Mifed Flap Won’t Deter Italian Buyers

Whatever may happen at the second AFM this fall, it’s business as usual for Italian buyers at the traditional spring round.

Faithful faces will be there looking to close deals already started and pick up the odd sleeper.

Money is a variable with Italian buyers. The lower dollar could be an incentive to buy more. Ever ready to pay top prices for the best-quality shirts and cars, Italians won’t husband their funds if they feel a film is worth it.

“My checkbook is ready,” boasts Gary Kallenbach, a young but savvy buyer for Vistarama. “I’m always willing to spend on a good offer.” Vistarama is after “commercial titles, but not cannon fodder,” he says. The company wants a film with small to medium-name actors and a good director.

Good action films also suit Vistarama’s tv and video clientele. At AFM, Kallenbach will renew many expiring rights in his 250-title library, and conclude deals started elsewhere.

He works closely with Fries Entertainment, and sells films to pubcaster RAI and Silvio Berlusconi’s private webs, not to mention the smaller Italo networks like TMC and Odeon, and video distribs.

A few big buyers

As a rule, only a few Italo companies are big buyers at AFM, and they’re largely in competition for the same type of picture: quality indies with boxoffice potential and preferably a name cast.

Artisti Associati’s acquisitions head Sonia Graziani will be buying for one of Italy’s largest distribberies. The company’s slate includes 13 to 14 films a year from the U.S. and Europe, described as “quality commercial product.”

Company toppers Jacopo Capanna and Giuseppe Perugia will also be in attendance. AA has a long-standing agreement with Vision Intl. AA’s relationship with Morgan Creek started with “Robin Hood, Prince Of Thieves,” and AA hopes it will continue. Last year, AA picked up five or six features at AFM.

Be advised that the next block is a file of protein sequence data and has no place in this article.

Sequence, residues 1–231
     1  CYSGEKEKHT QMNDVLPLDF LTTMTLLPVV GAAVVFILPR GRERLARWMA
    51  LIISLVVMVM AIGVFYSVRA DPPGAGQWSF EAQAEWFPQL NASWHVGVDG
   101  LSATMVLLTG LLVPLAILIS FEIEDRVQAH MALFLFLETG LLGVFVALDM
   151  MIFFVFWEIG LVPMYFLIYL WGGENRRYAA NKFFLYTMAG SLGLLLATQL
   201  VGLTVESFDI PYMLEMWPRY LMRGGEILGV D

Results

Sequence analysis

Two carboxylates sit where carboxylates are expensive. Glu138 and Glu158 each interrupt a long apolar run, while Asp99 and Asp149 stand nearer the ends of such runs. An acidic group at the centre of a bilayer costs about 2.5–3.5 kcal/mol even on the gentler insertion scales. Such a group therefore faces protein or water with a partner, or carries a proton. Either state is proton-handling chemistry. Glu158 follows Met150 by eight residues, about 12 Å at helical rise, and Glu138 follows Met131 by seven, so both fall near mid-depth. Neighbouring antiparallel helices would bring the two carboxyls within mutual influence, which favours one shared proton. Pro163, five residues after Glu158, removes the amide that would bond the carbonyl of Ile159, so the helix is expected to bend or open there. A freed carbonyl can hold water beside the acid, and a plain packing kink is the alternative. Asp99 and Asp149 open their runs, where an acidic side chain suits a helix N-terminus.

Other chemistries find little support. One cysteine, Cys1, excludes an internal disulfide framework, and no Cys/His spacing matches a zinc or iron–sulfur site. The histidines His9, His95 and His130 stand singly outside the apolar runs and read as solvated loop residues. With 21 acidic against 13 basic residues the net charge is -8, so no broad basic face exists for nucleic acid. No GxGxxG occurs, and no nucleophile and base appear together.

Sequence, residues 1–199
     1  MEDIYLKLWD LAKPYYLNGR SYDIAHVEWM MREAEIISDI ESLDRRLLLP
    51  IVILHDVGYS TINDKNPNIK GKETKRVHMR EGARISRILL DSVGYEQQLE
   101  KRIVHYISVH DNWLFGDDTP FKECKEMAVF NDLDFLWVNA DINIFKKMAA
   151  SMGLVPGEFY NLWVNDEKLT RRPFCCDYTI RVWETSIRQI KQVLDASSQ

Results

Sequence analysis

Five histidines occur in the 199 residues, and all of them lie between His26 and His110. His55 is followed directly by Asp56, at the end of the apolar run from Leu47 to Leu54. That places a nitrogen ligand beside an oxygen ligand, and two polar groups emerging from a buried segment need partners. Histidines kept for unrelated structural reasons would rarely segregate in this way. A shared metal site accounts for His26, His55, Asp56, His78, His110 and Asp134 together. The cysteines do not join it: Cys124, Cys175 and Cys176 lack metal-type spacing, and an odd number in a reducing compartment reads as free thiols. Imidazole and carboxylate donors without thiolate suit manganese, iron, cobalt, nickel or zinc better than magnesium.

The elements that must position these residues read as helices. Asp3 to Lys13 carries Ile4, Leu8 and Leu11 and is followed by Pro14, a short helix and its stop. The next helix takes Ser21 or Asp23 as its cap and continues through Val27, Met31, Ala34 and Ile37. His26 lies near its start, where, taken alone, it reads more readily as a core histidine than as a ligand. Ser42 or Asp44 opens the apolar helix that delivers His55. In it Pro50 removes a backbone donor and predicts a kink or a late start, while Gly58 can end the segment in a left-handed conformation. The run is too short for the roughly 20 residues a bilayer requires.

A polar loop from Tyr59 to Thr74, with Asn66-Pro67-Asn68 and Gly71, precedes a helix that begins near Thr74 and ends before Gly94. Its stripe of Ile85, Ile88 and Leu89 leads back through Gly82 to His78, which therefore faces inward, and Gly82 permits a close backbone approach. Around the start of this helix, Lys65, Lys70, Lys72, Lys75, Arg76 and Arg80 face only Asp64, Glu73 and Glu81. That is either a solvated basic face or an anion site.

Claudio Tinari, foreign sales chief for Pentafilm (owned by Silvio Berlusconi and the Cecchi Goris), is buying for Penta’s distribbery.

The company has longterm contracts with Carolco, but Tinari has an eye out for “big indies that are really indie,” of “The Sheltering Sky” variety, for instance.

Possible Penta co-prods

Penta has invested in co-prods before – Gaumont’s “Nikita” and the new Peter Greenaway film are examples. Some “interesting pictures in San Francisco” have aroused Tinari’s curiosity for possible co-prod ventures, Penta’s first with the U.S.

Old and new management of Titanus Distribuzione will be at AFM – v.p. Giovanna Romagnoli and newly appointed director of foreign sales and marketing Sesto Cifola. Production activities are in expansion, and Cifola is handling co-prods for new division Titanus World Sales.

Mikado is one of Italy’s leading quality distribbers; it goes for excellent films by arthouse directors like Krzysztof Kieslowski and Terence Davies. Company topper Roberto Cicutto says Mikado will be repped by American contact Luigi Musini. Though the firm almost always knows what it wants before it goes to L.A., Cicutto doesn’t exclude some “strange pictures” popping up: Nordic, small English or very small American films. Last year Mikado found the German film “The Nasty Girl” at AFM.

Taking no chances

Distribber Massimo Civilotti of Chance Film has begun to furnish films to a 123-theater exhib consortium led by Chance. The company is releasing moneymakers like Tinto Brass’s work of arty erotica, “Paprika,” in 123 prints (very rare for Italy: Marco Ferreri’s “Flesh” will come out in a relatively hefty 70 prints).

In Santa Monica, Civilotti will be mainly signing pre-arranged contracts on top grade, very commercial films with big-name actors.

In addition to selling for her new company, Adriana Chiesa will be the exclusive buyer for a new Italian distribbery, DARC, founded by producer Angelo Rizzoli. Again, “big,” “quality” and “commercial” are Chiesa’s key words.

Roberto Cimpanelli, head of Life Film, can be found at his stand. “Everything’s possible,” says Cimpanelli, the Italo distribber of “Dances With Wolves” who bought “Longtime Companion” at the last AFM. Like most Italian buyers, he is going with maximum flexibility. “Each year I find something,” he says.

Life has begun talks for several co-prod investment ventures with American partners.

Many other indie buyers can be found grouped around the Italian film industry (Anica) stand, at least for go-round.

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